You did it once again.Write,this time indirectly,results before they are anounced.All people are working in the experiments seems to be stupid waiting for the official publications/announcements and you are clever by announcing them first by screwing them!Well,i don't find your behaviour ethical,it's not the correct way to make a name for yourself!cheers!

    dorigo
    Dear Yia,

    please tell me where I wrote results in the post above. And also tell me where I did it elsewhere, since I never actually did anything like that. And then please go fishing.

    Cheers,
    T.
    Hi again!In this blog entry you write
    "The gammas we will be hearing about are those directly coming from a Higgs boson decay, and these have an energy of 62.3 GeV"..
    I also remember taking the blog entry down about the OPERA experiment recently...

    dorigo
    So ? That was a teaser, and one must be a bit gullible to think it is half the best-fit mass of the Higgs by CMS, or anything like that which you might be thinking it is. I just took a value that had been circulated and divided by two, just to make an example of the typical photon energy we will be discussing in a few days. Of course we will be talking of photons of about that energy, but even for the Higgs the value is not fixed in the lab frame.
    In any case you will be deluded if you think the experiments will come up with a sub-GeV estimate of the Higgs mass. This will come, if the Higgs is found, only after a few additional years of running.

    As for the Opera result, yes, I discussed it before it was announced, albeit vaguely. But that is not an experiment I am part of. Sorry for not paying attention to the fact that you are concerned with the general issue, rather than the relationship with my own colleagues. If you claim I cannot discuss anything I get to hear about other experiments because it is unethical to do so, well -this is simple journalism and I cannot be blamed for what everybody else also does just because I am a scientist. If a collaboration cannot keep silent and leaks information, it's their responsibility, not mine. Of course if it's my own collaboration the matter is different; and I concede that I owe some additional care when discussing the competitors around the ring, i.e. ATLAS.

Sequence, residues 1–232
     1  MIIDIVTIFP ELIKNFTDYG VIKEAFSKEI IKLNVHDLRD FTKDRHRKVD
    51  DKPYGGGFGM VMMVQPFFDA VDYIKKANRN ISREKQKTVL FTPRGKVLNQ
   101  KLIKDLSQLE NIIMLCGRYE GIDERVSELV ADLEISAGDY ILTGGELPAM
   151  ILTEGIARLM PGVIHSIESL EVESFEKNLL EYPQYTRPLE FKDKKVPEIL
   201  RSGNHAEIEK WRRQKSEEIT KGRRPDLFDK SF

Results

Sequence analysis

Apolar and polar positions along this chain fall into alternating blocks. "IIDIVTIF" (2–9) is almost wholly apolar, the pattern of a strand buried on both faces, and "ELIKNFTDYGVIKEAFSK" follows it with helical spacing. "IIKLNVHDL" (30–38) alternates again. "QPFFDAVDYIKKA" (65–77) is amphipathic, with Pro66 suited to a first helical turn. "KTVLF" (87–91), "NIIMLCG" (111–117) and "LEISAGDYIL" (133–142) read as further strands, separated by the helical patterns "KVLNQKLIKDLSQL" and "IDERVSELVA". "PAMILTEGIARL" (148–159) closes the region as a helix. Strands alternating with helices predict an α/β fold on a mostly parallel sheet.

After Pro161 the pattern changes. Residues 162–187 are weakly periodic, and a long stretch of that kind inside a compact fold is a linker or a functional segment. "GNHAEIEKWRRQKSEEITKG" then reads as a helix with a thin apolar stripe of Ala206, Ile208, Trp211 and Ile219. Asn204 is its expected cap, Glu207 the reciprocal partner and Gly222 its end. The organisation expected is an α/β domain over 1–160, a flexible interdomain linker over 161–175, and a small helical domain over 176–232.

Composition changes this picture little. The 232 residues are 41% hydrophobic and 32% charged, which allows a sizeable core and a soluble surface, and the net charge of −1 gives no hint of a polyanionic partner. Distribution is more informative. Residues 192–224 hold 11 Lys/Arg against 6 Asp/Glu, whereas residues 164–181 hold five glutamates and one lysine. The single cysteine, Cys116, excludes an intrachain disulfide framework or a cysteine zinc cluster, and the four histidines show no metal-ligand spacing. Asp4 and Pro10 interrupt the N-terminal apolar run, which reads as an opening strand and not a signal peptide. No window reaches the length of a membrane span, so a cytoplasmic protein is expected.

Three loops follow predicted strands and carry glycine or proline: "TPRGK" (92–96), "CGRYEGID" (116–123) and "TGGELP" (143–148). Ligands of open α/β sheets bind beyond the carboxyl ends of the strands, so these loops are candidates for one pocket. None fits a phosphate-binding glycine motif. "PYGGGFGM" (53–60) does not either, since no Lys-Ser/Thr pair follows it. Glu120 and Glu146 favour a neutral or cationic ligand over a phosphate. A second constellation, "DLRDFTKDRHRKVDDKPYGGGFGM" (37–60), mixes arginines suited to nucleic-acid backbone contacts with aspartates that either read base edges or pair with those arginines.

Cheers
    T.
    A table of z scores and p values

    Hi Tommaso,
    I think it would be useful to add a table like:
    z=1 sigma, p(by chance)~16% or once every 6 times.
    z=2 sigma, p(by chance)~2.3% or once every 44 times.
    z=3 sigma, p(by chance)~0.13% or once every 741 times. <= What we call "evidence" level.
    z=4 sigma, p(by chance)~0.0032% or once every 31'574 times.
    z=5 sigma, p(by chance)~0.000028% or once every 3'486'914 times. <= What we call "discovery" level.

    Perhaps you have some meaningful numbers to illustrate these rates? Like one hour in 75 years is 1 in ~660'000.

    dorigo
    Thanks Andre, this is indeed useful information for laymen. I will add it to the text.

    Cheers,
    T.
    Oops. Can you please remove the duplicates. I did submit a couple of times because the comment would not appear after being submitted.